After returning from years of war coverage, Peter van Agtmael tries to piece together the memory, identity, race, class, and family, in a landscape which has become as surreal as the war he left behind.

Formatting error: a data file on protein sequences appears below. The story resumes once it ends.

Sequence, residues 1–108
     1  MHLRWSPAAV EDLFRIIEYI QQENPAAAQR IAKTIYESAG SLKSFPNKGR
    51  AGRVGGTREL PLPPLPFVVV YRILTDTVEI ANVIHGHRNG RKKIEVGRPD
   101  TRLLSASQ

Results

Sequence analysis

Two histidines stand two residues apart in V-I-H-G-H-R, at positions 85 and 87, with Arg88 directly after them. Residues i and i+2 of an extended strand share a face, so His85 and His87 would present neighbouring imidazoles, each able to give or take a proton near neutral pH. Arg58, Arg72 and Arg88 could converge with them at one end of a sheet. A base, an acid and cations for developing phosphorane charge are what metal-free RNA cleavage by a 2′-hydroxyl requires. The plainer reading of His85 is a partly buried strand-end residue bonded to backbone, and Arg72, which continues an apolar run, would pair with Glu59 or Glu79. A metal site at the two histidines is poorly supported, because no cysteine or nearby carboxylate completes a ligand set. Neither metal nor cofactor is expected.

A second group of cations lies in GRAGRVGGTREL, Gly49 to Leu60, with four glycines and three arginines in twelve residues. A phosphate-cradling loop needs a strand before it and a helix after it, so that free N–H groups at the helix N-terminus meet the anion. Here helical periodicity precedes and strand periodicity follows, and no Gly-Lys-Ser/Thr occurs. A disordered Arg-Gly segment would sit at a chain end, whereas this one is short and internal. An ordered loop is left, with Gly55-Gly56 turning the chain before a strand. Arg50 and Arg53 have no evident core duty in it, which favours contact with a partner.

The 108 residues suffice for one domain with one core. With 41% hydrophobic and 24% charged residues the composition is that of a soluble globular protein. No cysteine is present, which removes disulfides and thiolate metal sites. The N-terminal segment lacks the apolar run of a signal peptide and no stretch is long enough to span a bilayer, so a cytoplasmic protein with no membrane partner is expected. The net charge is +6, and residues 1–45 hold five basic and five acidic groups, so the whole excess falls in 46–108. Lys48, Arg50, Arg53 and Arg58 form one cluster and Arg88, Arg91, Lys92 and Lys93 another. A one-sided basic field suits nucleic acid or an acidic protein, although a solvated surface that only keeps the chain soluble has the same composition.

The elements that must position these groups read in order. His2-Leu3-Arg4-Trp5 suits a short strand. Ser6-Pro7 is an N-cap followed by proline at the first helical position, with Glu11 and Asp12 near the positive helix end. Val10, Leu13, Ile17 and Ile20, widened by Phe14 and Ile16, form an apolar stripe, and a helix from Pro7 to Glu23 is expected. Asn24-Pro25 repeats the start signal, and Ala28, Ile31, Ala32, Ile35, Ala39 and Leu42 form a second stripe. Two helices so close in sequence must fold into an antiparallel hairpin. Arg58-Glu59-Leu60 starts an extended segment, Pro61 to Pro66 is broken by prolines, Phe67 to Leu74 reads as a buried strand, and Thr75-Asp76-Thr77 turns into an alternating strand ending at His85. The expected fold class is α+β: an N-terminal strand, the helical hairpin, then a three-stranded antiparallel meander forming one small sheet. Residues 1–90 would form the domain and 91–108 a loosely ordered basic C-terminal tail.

A talented writer and artist during his lifetime, Frank Walter was an eccentric character now considered to be vastly under-recognized. Intellectually brilliant, Walter entertained delusions of aristocratic grandeur, namely the belief that the white slave-owners in his family linked him to the noble houses of Europe. The self-styled “7th Prince of the West Indies, Lord of Follies and the Ding-a-Ding Nook” produced paintings that dealt with race, class, and social identity, as well as abstract explorations of nuclear energy, portraits both real and imagined – including Hitler playing cricket and Prince Charles and Princess Diana as Adam and Eve – and miniature landscapes of Scotland, the country that he fell in love with during a visit in the 1950s or ’60s. Walter typically painted in oil on rudimentary materials, with a marked immediacy and naivety. The first man of color to manage an Antiguan sugar plantation, Walter spent the last 25 years of his life in an isolated shack in Antigua, surrounded by his writings, paintings, and carvings.